In the continuous movement toward automating B2B payments – and especially payables – the pandemic is pushing firms to examine internal workflows and embrace the touchless process.
Robotic process automation and accounts payable (AP) automation can be blended into solutions that are verticalized for specific tasks. But in getting there, firms must overcome their inertia to become more fully digital.
As they say, the journey of a thousand miles begins with a single step. And in an interview with Karen Webster, Jason Kolbenheyer, CPO and managing director, international operations, Corporate Spending Innovations (CSI), and Kevin Hadlock, CFO of Conservice, which helps firms manage utility payments, said the first step is taking stock of the stacks of paper that crowd back offices.
Touchless, then, is the pivot that helps businesses become more efficient and eliminate the paper – and automating the order-to-cash cycle is part and parcel of the transformation of the CFO’s office.
Hadlock gave a high-level view of the paper flow that can quickly grow to a scale that makes handling all the paper – not to mention the checks – a daunting task within an AP department.
As Conservice manages payables for 20,000 customers, including a range of property managers, “we see millions of bills come in every month that need to be reviewed and paid,” said Hadlock. “When we were receiving bills, having to touch each one and write a check for each one, that was just not a scalable business.”
The task becomes especially onerous, considering that 30 percent of the utility bills have some form of error that must be addressed in order to get the right payments sent.
As Hadlock explained, Conservice had to find ways to manage that process beyond simply hiring more people to tackle the growing mountains of paper. That led to a partnership with CSI, which integrates payment solutions into ERP and accounting systems to process payments (across virtual card, ACH and check).
Integrating those functions have enabled the company to automate the entire process of requesting funds, confirming delivery and making payments, said Hadlock. “The system can now make those decision points for us and then execute on the highest-value decision point.”
The value-add, noted CSI’s Kolbenheyer, speaks to a key point in outsourcing and automating payables – and CSI’s decisioning of the payments according to buyer/supplier preferences. “The majority of our customers don’t really want to be excellent in making payments,” he told Webster. “They want to run global hospitality chains and global media companies, and do what they do. Payments are just something that exist as part of their business.”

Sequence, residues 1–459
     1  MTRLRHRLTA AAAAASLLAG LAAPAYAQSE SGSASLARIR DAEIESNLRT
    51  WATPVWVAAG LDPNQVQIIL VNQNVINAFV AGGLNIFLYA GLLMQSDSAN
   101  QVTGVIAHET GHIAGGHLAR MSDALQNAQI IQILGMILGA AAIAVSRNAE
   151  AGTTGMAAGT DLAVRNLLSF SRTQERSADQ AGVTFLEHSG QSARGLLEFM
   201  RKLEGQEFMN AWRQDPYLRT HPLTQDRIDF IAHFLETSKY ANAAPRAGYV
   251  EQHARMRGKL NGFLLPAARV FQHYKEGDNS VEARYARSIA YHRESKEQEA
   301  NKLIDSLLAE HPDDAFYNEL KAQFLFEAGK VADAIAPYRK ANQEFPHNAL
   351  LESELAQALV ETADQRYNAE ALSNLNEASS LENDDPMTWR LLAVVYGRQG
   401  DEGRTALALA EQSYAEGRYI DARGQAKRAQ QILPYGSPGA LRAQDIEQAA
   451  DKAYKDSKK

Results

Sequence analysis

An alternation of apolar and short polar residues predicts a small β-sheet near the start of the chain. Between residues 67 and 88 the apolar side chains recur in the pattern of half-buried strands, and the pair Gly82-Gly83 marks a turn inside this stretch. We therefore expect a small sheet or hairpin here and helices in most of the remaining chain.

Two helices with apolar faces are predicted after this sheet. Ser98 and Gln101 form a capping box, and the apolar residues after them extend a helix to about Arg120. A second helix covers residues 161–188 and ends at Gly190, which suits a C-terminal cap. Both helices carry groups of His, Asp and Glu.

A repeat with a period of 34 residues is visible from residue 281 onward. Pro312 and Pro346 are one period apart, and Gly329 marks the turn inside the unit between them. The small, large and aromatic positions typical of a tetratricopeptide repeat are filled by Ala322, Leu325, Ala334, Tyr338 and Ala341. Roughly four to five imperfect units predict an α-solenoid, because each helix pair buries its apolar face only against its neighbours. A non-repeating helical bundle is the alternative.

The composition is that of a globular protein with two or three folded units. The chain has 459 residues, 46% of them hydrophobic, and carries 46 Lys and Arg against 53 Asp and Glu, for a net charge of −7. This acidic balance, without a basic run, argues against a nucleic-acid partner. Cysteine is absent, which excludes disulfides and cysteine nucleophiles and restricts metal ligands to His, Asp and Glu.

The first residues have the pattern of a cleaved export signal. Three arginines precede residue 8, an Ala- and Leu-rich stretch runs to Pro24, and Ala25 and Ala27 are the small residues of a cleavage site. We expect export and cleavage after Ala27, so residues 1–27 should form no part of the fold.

The low-hanging fruit may not be surprising: Kolbenheyer stated that nobody wins with the paper check, the added costs of which are still measured in dollars and scores of touchpoints. Getting rid of checks “is among the quickest ways we’ve found to drive value for our customers,” he said.
Beyond simply doing away with checks, there is value in automating payables through artificial intelligence (AI) and machine learning (ML). Hadlock explained that advanced technologies can streamline the process of Conservice paying more than 10,000 providers at more than $3 billion annually (with roughly 30 percent across cards) – and every provider has rules and fees in place.
In addition, suppliers have preferences for how they want to be paid.
As Hadlock explained, “Having the technology that can read a payment and say, oh, that’s going to XYZ utility, and this is how they want to receive that payment. Maybe it’s too high, it’s too little or this is the fee. It doesn’t fit within the credit card metrics. Do they accept EFT? Yes. That will be the preferred payment.” That capability proves to be valuable as it scales across a platform model to facilitate hundreds of thousands of payments daily.
The system – through which 75 percent of Conservice’s payments are 100 percent touchless (others prefer checks) – is designed to be constantly learning in order to minimize mistakes and identify preferred payments.
The system also adjusts when rules and payment preferences change, authorizing transactions based on customs rules and card settings (which helps prevent fraud).
As Kolbenheyer cautioned, there’s no one-size-fits-all approach to automated payments. “There are nuances that exist with vendors between buyers and suppliers” – and just because a supplier will take one form of payment from one buyer doesn’t mean they’ll take that payment from another.
In the B2B space overall, he said, there are still many problems to be solved – and even in the case where 30 percent of spend occurs over cards, that still leaves 70 percent of payments that are not optimized. It’s a given that checks are not ideal. But bank-to-bank transfers and ACH have their own inefficiencies, Kolbenheyer noted.
“We talk about how much it is to send the check payment in terms of dollars. And that includes time, but bank reconciliation has that same problem,” he told Webster. “If a supplier is getting thousands of ACH deposits into their account, they’re spending a lot of time figuring out who paid them and for what. There’s a huge opportunity to automate and streamline and bring value there.”